18. The first half of the verse reads: He will roll thee up in a bundle (and toss thee) like a ball into a spacious land (lit. “a land broad on both sides,” as Genesis 34:21; Jdg 18:10). The words “and toss thee” have to be supplied from the context; the construction is pregnant. The figure expresses banishment from Jehovah’s territory, the “spacious land” referring probably to the Assyrian Empire.

there shall thou die (cf. Amos 7:17) and there shall be thy splendid chariots, thou shame of thy lord’s house] To ride forth with “chariots and horses” was once regarded as a sign of aspiring to the highest dignity (2 Samuel 15:1; 1 Kings 1:5); later it seems to have been the privilege of the princely caste (Jeremiah 17:25), peculiarly offensive, therefore, in a foreign adventurer. The concentrated bitterness of the last words points to something worse than political differences as the cause of Isaiah’s antipathy to Shebna.

And I will drive thee from thy station, and from thy state shall he pull thee down.
19. The subject here is Jehovah; the change of person resembles that in Isaiah 10:12. After Isaiah 22:18, the verse reads like an anti-climax, but it is added to prepare for

And it shall come to pass in that day, that I will call my servant Eliakim the son of Hilkiah:
20. Eliakim is called my servant as Isaiah is in ch. Isaiah 20:3.

20–23. The elevation of the head of the prophetic party at court.

And I will clothe him with thy robe, and strengthen him with thy girdle, and I will commit thy government into his hand: and he shall be a father to the inhabitants of Jerusalem, and to the house of Judah.
21. robe (“tunic”) … girdle] The palace officials seem to have worn distinctive liveries (1 Kings 10:5); the uniform of the vizier was apparently a tunic and a girdle of special pattern. The word for “girdle” is used elsewhere only of the priestly girdle (see Exodus 39:29, &c.). For strengthen, translate gird.

he shall be a father]—a beneficent administrator, as Shebna had not been. How much in the East the welfare of the people depends on the character of the vizier is known from the legends of Haroun-al-Rashid. For the expression cf. Genesis 45:8; 1Ma 11:32.

And the key of the house of David will I lay upon his shoulder; so he shall open, and none shall shut; and he shall shut, and none shall open.
22. the key of the house of David] The symbol of unlimited authority over the royal household, carrying with it a similar influence in all affairs of state; like Pharaoh’s signet-ring in the hands of Joseph, Genesis 41:40-44 upon his shoulder] Cf. Isaiah 9:6; and with the whole verse comp. Revelation 3:7.

And I will fasten him as a nail in a sure place; and he shall be for a glorious throne to his father's house.
23. a nail] usually a “tent-peg” (and so probably in a figurative sense, Zechariah 10:4); but also (Ezekiel 15:3) a peg on which household utensils are suspended. The latter idea (according to Isaiah 22:25) must be intended here.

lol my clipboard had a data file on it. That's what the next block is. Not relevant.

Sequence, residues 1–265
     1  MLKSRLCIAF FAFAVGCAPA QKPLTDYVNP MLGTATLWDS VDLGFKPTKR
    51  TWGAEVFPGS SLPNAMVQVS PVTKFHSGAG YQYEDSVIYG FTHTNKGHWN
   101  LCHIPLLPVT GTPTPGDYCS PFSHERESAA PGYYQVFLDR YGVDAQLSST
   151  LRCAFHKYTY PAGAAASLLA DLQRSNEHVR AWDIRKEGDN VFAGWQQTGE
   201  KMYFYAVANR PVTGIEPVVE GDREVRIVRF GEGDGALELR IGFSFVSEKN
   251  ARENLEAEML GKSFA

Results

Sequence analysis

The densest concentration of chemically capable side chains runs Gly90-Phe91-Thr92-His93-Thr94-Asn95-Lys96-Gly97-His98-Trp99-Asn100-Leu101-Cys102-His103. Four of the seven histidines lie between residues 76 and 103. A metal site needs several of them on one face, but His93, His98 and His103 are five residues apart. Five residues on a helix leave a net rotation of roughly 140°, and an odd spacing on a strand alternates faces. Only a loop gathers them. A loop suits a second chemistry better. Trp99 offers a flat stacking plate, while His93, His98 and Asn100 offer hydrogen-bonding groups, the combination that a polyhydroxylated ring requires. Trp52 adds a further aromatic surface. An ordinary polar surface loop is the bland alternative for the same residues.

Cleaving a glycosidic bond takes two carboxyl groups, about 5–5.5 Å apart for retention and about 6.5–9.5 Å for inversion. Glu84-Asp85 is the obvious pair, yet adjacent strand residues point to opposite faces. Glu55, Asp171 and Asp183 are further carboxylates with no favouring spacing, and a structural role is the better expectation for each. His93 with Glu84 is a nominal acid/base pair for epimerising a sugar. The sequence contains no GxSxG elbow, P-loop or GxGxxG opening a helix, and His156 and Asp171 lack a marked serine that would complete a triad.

a glorious throne] Better: a seat of honour.

to his father’s house]—all his nearest kindred, who are through him advanced from obscurity to great dignity.

And they shall hang upon him all the glory of his father's house, the offspring and the issue, all vessels of small quantity, from the vessels of cups, even to all the vessels of flagons.
24. An under-current of satire seems unmistakeable.

all the glory] perhaps: the whole weight (see “burden” in next verse).

the offspring and the issue] the scions and the offshoots (Cheyne). The second expression is decidedly contemptuous, and so (more or less) are all that follow. It cannot be to Eliakim’s credit that the bulk of his relations are likened to the meanest kitchen utensils.

24, 25. If Isaiah 22:24 stood alone it might be barely possible to interpret it in a sense favourable to Eliakim. But taken in connexion with Isaiah 22:25 it seems to convey an imputation of the unworthy exercise of patronage on his part,—a filling of important offices with worthless relatives and dependents. Many commentators, it is true, hold that Isaiah 22:25 refers back to the fall of Shebna, but this is quite arbitrary. Shebna is not likened to a “nail in a sure place” and it is clearly implied that he had no “father’s house” in Jerusalem (Isaiah 22:16). It is hardly credible that Isaiah should have uttered such a threat along with the promises in Isaiah 22:20-23; but the last two verses may be an appendix written later, when abuses of trust in Eliakim’s family had begun to display themselves.

In that day, saith the LORD of hosts, shall the nail that is fastened in the sure place be removed, and be cut down, and fall; and the burden that was upon it shall be cut off: for the LORD hath spoken it.
25. The fall of Eliakim’s house, described under the same metaphor. It is not necessarily implied that the minister himself lived to see this reverse of fortune; living or dead, his name was the “peg” of the family’s nobility, and when the crash came, it might truly be said that the “peg fastened in a sure place” had been removed.